Bronchiectasis and Autoimmune System

Bronchiectasis May Trigger Autoimmune Inflammatory Disease, Study Suggests

Bronchiectasis May Trigger Autoimmune Inflammatory Disease, Study Suggests

Bronchiectasis is commonly found in patients with autoimmune conditions, causing blood vessel inflammation, a recent study found.
Moreover, the presence of bronchiectasis in these patients is linked to specific disease features, raising the possibility that these autoimmune diseases may be triggered by respiratory tract conditions, researchers argued in the journal Seminars in Arthritis and Rheumatism.
Granulomatosis with polyangiitis (GPA) or microscopic polyangiitis (MPA) are two forms of blood vessel inflammation linked to so-called ANCA autoantibodies. These antibodies target two proteins known as PR3 and MPO, ultimately resulting in organ damage.
Patients with GPA often have respiratory problems before apparent blood vessel inflammation, but MPA-affected patients also develop respiratory disease.
Earlier studies suggest that many patients with ANCA vasculitis have bronchiectasis, but it is not yet clear how presence of the lung condition impacts the autoimmune disease.
To explore this, researchers recruited 58 Caucasian patients with ANCA vasculitis; 28 had GPA-type disease and 30 had MPA.
Among the patients, 67.2 percent had anti-MPO antibodies and 32.8 percent had anti-PR3 antibodies.
Twenty-two of the patients (37.9 percent) had bronchiectasis. All of these affected patients had anti-MPO ANCA antibodies. In the group with anti-MPO antibodies, 56.4 percent had imaging evidence of bronchiectasis and another four had bronchiectasis symptoms.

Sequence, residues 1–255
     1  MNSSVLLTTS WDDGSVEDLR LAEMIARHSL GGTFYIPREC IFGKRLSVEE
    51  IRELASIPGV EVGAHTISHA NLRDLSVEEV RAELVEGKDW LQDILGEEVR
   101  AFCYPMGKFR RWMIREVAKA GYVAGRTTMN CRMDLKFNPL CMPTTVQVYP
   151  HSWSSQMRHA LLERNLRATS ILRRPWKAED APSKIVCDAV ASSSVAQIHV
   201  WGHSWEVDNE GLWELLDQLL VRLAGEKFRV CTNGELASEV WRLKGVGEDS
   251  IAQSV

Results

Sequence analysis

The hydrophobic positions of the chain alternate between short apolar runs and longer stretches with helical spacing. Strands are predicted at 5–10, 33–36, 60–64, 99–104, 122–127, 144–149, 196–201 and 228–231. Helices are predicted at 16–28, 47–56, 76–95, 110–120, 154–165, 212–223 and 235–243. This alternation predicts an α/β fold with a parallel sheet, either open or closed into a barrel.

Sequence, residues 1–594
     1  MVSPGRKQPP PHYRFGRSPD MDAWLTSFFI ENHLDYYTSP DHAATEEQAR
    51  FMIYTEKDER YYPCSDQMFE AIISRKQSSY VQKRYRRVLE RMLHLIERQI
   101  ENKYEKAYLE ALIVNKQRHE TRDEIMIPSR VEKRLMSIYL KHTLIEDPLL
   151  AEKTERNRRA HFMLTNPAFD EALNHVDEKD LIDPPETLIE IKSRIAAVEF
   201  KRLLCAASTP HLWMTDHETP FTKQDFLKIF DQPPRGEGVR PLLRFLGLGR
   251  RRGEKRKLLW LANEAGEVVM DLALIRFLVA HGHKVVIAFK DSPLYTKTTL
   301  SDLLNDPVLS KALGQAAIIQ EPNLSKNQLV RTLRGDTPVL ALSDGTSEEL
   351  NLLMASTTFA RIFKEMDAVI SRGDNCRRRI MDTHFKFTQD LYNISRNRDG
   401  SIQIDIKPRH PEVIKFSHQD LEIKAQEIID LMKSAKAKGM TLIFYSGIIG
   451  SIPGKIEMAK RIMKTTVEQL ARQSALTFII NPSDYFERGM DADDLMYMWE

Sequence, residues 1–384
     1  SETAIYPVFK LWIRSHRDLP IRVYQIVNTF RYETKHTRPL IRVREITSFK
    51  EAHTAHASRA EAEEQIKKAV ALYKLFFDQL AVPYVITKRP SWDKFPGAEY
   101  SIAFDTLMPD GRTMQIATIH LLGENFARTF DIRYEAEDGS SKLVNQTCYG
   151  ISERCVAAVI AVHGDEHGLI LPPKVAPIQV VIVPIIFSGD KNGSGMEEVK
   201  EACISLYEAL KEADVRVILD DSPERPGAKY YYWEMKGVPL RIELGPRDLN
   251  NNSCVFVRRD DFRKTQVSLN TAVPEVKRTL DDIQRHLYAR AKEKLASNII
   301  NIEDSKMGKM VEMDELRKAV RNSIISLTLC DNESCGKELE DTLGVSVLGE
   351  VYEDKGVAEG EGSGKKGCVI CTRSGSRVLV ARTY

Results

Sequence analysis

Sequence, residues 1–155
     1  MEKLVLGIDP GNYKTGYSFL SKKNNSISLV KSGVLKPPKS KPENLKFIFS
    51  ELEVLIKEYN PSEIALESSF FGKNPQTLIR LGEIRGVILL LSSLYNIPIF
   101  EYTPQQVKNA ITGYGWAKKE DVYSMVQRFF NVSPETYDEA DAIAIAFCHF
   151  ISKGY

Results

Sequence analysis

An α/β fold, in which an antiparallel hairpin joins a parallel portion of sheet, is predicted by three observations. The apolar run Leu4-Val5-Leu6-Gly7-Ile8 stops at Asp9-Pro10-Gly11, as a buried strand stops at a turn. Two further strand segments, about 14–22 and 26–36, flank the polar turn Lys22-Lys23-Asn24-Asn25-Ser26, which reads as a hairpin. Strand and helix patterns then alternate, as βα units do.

Patients with lung disease more often had symptoms of peripheral nervous system and movement impairment compared to those without bronchiectasis. On the other hand, they were less likely to have kidney disease. In fact, they had better kidney function than patients without bronchiectasis, despite being older.
Statistical analysis revealed that bronchiectasis was linked to anti-MPO antibodies, female sex and age at the time of ANCA vasculitis diagnosis.
Patients with bronchiectasis, however, did have a similar disease course and risk of severe lung infection as those without the condition. Survival rates also were not dependent on bronchiectasis.
The data indicates that the autoimmune processes in ANCA vasculitis may start in the respiratory system, at least in a subset of patients, researchers said.
“This study shows that bronchiectasis is a highly prevalent pre-existing respiratory condition in Caucasian patients with anti-MPO AAV [ANCA-associated vasculitis]. This subset of patients exhibits a distinct presentation.” the team wrote.
More studies are now needed to explore how bronchiectasis may impact disease processes in ANCA vasculitis patients, and “whether the respiratory tract could be the site of initiation of anti-MPO auto-immunity” the researchers concluded.


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